As part of our founder interview series, we speak with Francesca Kippax from ANUKA about Fairmined Jewellery and the importance of transparency.
How long have you been designing Jewellery? Have you always had a love for jewellery?
From an early age I was obsessed with wearing my grandmothers jewellery, putting everything on at the same time - Probably not the look I’d go for now but then I loved it! I think that along with making friendship bracelets with my sister and my Mum’s creative input as an artist was enough to ignite my lifelong love for jewellery.
On completing my degree in Jewellery & Silversmithing, I started designing pieces for galleries, exhibitions and bespoke commissions. It was in 2014 when I founded ANUKA that I started designing full collections; nothing gives you a better feeling than seeing your designs being worn and loved by somebody.
What is your design process like? Where do you find your inspiration?
The process usually starts as a quick scribble, getting down quick shapes and ideas before they leave my head. I really find the design process comes to life and progresses quickly when you start making, playing about with materials, forming shapes and textures to see what works and what doesn’t.
Inspiration for me always comes through form, whether that is from natural sculptural landscapes or the urban environments we surround ourselves in.
We love the name ANUKA. Does it have any significance?
Thank you! Simply, it translates as ‘Jewel’. I initially went by my name, it was whilst living in South Vietnam I realized my own name wasn’t too easy to pronounce in a number of languages! After some research and help with friends I settled on ANUKA, loving how it is spoken.
ANUKA has an impressive transparent supply chain. Why is transparency so important in the jewellery industry?
Transparency is important in every industry, and having transparency allows customers to have a conscious choice. I myself want to know how my green tea was grown and manufactured in the same way I want to be aware of who made my t-shirt – the jewellery industry should be no different. Working with Provenance allows us to go that bit further by helping to verify the claims we make with the manufacturers and suppliers we use. I want you to know everything was hand crafted in the U.K, but its not enough just to state it - you need evidence.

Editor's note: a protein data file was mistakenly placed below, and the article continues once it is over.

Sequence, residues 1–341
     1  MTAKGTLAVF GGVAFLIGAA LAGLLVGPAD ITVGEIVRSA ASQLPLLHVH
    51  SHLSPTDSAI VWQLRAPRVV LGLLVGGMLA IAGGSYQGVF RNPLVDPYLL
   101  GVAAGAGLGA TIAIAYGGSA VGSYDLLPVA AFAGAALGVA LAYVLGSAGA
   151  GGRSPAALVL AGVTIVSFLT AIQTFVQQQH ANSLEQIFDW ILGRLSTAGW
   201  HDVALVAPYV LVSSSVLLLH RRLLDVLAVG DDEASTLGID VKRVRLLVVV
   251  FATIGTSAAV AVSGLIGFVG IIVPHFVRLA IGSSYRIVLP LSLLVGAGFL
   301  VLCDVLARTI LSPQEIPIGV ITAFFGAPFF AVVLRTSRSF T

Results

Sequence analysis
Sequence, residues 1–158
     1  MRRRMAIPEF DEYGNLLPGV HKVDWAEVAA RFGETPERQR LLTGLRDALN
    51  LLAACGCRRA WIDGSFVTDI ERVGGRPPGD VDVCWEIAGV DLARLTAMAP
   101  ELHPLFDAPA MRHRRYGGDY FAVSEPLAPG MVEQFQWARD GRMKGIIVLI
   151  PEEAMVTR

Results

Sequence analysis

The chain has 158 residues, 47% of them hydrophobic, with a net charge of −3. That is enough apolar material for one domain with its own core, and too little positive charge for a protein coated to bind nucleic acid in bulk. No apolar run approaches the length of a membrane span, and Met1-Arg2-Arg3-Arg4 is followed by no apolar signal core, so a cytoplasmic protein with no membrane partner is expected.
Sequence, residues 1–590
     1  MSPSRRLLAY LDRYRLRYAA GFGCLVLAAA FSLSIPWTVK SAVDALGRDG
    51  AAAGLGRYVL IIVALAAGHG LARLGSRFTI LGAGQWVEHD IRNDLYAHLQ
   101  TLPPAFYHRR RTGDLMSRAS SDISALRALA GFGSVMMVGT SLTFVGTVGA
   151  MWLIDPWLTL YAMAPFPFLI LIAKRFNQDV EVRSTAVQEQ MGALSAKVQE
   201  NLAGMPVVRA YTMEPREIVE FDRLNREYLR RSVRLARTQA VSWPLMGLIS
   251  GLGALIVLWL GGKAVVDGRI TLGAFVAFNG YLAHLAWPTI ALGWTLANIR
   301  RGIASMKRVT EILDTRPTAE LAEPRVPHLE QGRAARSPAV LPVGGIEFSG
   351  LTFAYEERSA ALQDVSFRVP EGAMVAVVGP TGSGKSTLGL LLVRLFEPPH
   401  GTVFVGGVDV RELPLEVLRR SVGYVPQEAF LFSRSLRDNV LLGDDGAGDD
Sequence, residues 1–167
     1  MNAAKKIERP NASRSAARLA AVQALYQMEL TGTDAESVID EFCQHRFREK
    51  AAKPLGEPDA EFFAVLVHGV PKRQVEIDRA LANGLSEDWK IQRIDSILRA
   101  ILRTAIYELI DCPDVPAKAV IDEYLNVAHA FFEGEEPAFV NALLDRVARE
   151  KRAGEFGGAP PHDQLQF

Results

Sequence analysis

What does it mean to be a Fairmined Certified Jewellery brand?
Incorporating Fairmined alongside recycled precious metals into our jewellery is hugely important. We are part of the process helping to support small scale artisanal mines, who's miners will benefit from a fair wage, safe working conditions and clean water supplies along with a low environmental impact. It is an audited process which means all precious metal is completely traceable back to its original source.
Ethical fashion is an extremely broad topic. What is your definition of ‘ethical fashion’?
We define ethical fashion as being transparent and honest in the supply chain. This teamed with working towards lowering environmental impact and maximising our social impact through supporting small artisan miners and using British suppliers.
How would you describe your style? What do you look for in other brands that you support?
ANUKA centres its style around clean designs with a clean ethos. This means timeless quality designs with a contemporary edge. I want people to wear my designs 30 years down the line and for them to look as distinct then as they do now.
For me personally I am always drawn to brands that consider their use of materials and team that with quality craftsmanship at the forefront of their products. You can have a great design but if its not made well and there isn’t a great story behind it I tend to lose interest quickly.
What is you most worn ANUKA piece?
This is a tough one! I would have to say my KOTI square ring stack, always a firm favourite; I wear these day to day and find they are great for every day, but also make just enough of a statement to be different. I’m also really loving wearing the LOKA curve hoops.
How do you think we can lead a transition to a more ethical jewellery industry?
I think it's about starting the conversation, awareness is key to making conscious choices. Whether you are a customer or working in the industry, it is awareness that will enable you to formulate opinions and lead to better decisions. If we don’t talk about it, nothing will change.
What advice do you have for other independent jewellery designers that are just starting out?
Learn about your industry and your materials. Ask questions! Work out why you want to design and what values are really important to you, this will be the foundation of your business.